How has it come to pass that so many people look at the drug testing issue that has separated Floyd Mayweather, Jr. from Manny Pacquiao more forcefully than Mills Lane would have as not Pacquiao refusing to do the right thing but rather Mayweather demanding the wrong thing?
Why is taking steps to insure a sporting event is clean (and as we’ve all sadly learned in recent years very few of them have been in quite some time) somehow the act of a cowardly lion?
The fact of the matter is nothing could be farther from the truth. Now if Mayweather was insisting on his opponent having to do something he’s unwilling to do, that would be different but that is not the case. As Shane Mosley admitted during the lead up to his fight with Mayweather, the half dozen random blood tests he was forced to take along with a similar number of urine tests were not a hardship nor did they impact him or his training in any way. In fact, he said he actually learned things by talking to the administrators of the test about natural substitutes he could use while avoiding certain medications he might innocently take for a cold or an infection that would lead to a positive test.
Generally, knowledge sets you free. In boxing, it sets people off. So why is testing no problem for Mosley and Mayweather but like scaling Mt. Everest in shorts and a T-shirt for Pacquiao?
An even larger question is why are so many in boxing trying to paint Mayweather as someone trying to duck Pacquiao by merely wanting both fighters to prove to the world they are clean and running on regular, not high-test?
All Pacquiao had to do to make a Mayweather fight happen was say “No problem’’ to random blood testing and the fight would have already happened. Somehow the fact that he refused has been turned inside out by many commentators, transforming it into a referendum on Mayweather’s willingness to fight rather than on Pacquiao’s?
Mayweather was right when he said after all but whitewashing Mosley on May 1 that, “I honestly believe I’m the face of boxing. I believe the right thing to do is to clean things up. There are too many enhancements going on in sports.’’
For boxing to step up and become a leader, for once, in something positive would be a blessing for a long-maligned and ridiculed sport. Exactly what’s the harm in it?
Truth be told there is none, and all these red herrings about whether the commission makes the rules or the fighters do is nonsense. The commissions establish weight classes and then let fighters make a mockery of them either by coming into the ring the night of the fight 15 pounds over the limit or by allowing one powerful fighter to force another to fight at a weight above, or well below the division limit. What about those rules being enforced?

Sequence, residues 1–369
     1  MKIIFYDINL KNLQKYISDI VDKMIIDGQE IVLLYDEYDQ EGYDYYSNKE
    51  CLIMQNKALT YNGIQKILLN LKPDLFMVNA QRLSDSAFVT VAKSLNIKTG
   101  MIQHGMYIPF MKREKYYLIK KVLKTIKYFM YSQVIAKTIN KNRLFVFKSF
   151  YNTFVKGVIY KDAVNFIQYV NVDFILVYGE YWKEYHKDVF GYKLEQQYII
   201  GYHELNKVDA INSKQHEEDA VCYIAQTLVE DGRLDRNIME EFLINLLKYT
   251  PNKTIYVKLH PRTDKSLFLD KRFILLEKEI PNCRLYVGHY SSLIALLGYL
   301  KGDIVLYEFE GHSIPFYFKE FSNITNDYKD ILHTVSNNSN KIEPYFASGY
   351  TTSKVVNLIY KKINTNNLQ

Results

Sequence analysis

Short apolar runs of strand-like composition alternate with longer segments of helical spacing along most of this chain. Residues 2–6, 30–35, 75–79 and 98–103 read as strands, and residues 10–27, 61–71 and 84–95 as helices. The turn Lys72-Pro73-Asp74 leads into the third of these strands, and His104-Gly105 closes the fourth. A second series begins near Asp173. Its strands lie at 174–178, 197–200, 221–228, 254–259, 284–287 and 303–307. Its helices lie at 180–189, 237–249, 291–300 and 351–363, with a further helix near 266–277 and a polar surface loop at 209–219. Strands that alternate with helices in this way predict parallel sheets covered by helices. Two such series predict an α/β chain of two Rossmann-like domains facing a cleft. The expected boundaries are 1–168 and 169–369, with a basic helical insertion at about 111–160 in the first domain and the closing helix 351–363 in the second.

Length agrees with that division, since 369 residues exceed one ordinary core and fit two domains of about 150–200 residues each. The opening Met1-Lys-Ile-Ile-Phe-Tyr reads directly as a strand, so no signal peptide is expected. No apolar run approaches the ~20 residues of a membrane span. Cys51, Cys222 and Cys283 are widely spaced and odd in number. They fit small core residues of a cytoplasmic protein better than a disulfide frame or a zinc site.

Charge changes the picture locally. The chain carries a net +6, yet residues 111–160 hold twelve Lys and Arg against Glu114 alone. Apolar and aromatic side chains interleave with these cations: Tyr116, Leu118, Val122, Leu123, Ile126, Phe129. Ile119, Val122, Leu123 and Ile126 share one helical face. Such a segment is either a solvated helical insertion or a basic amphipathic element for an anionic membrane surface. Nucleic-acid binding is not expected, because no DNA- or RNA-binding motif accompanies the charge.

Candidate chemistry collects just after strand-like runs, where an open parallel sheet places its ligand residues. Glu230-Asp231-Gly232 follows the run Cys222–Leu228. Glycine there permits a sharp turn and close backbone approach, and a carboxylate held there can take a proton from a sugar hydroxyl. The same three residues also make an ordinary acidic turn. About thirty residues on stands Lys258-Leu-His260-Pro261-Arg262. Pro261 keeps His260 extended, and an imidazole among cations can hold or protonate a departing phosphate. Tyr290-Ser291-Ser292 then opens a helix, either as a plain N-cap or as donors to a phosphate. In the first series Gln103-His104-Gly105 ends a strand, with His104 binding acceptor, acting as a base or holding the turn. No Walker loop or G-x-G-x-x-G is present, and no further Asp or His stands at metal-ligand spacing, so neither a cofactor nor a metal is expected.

Let Mayweather insist on something being done to insure a fair and level playing field and it seems much of boxing opposes it. That wouldn’t be because they dislike Mayweather, would it?
According to Pacquiao, he’s afraid of having blood taken too close to a fight because it makes him weak so he’ll agree to random testing but not up to the final days before the event, even though the U.S. Anti-Doping Agency has said anything less compromises the accuracy of the results.
Pacquiao’s concerns about having blood drawn too close to a fight made me wonder about something. What does he do if he starts giving blood IN a fight? Dial 9-1-1?
Bob Arum keeps insisting he and Pacquiao will do what the Nevada State Athletic Commission demands, knowing they won’t demand rigorous random blood testing because the last thing it wants is to start seeing major fights fall apart in the final days because someone comes up dirty.
The whole thing, frankly, is ridiculous. Both fighters stand to make as much as $40 million if they face each other. The fight itself would be the biggest in boxing since Oscar De La Hoya fought Felix Trinidad and nearly as big as when Evander Holyfield and Mike Tyson squared off.
It would be the Leonard-Hearns of its generation, a fight of major importance not only to the fighters but to the sport itself. Yet as long as Pacquiao refuses to agree to random blood testing it is not going to happen. Of that I am sure.
“No!’’ Leonard Ellerbee, Mayweather’s most trusted confidante, said firmly after the Mosley fight when he was asked if Mayweather might change his stance on this. “He (Pacquiao) knows what he has to do. He knows what it will take to make the fight. Either he agrees or we move on. Floyd is not going to fight guys who aren’t willing to do this.’’
De La Hoya stood at a podium after Mayweather had destroyed his company’s fighter, Mosley, over 12 rounds and seemed to agree that the idea of fighters acting positively to keep their sport drug free was something that deserved more than the attacks and ridicule Mayweather has had heaped upon him by some journalists, commentators and boxing insiders.
“We now know all fighters can be clean,’’ De La Hoya said. “They showed it on 24/7. If we can’t agree to that how can we make fights?’’
How indeed? Why is it an unreasonable demand to insist both fighters agree to the only form of testing for performance enhancing drugs that has been proven effective? How did that become a felony or proof that one fighter is ducking another?
“All roads lead to Floyd Mayweather,’’ Mayweather insists. “I pave the way. I’ve been undefeated since the ‘90’s. I wasn’t in no made up weight classes. I didn’t win no made up belts. But I’m closer to 40 (33) than to 21. If the fight happens it happens but I’m not out chasing any fighters.
“I’m doing it the old-fashioned way. I don’t need to take no enhancement drugs. I don’t need to do nothing.’’
All Manny Pacquiao has to do is one thing. The right thing. If he does, he’ll be standing up to Floyd Mayweather, Jr. and standing up for the sport that has given him so much.
Who will win? Wladimir Klitschko or Tyson Fury?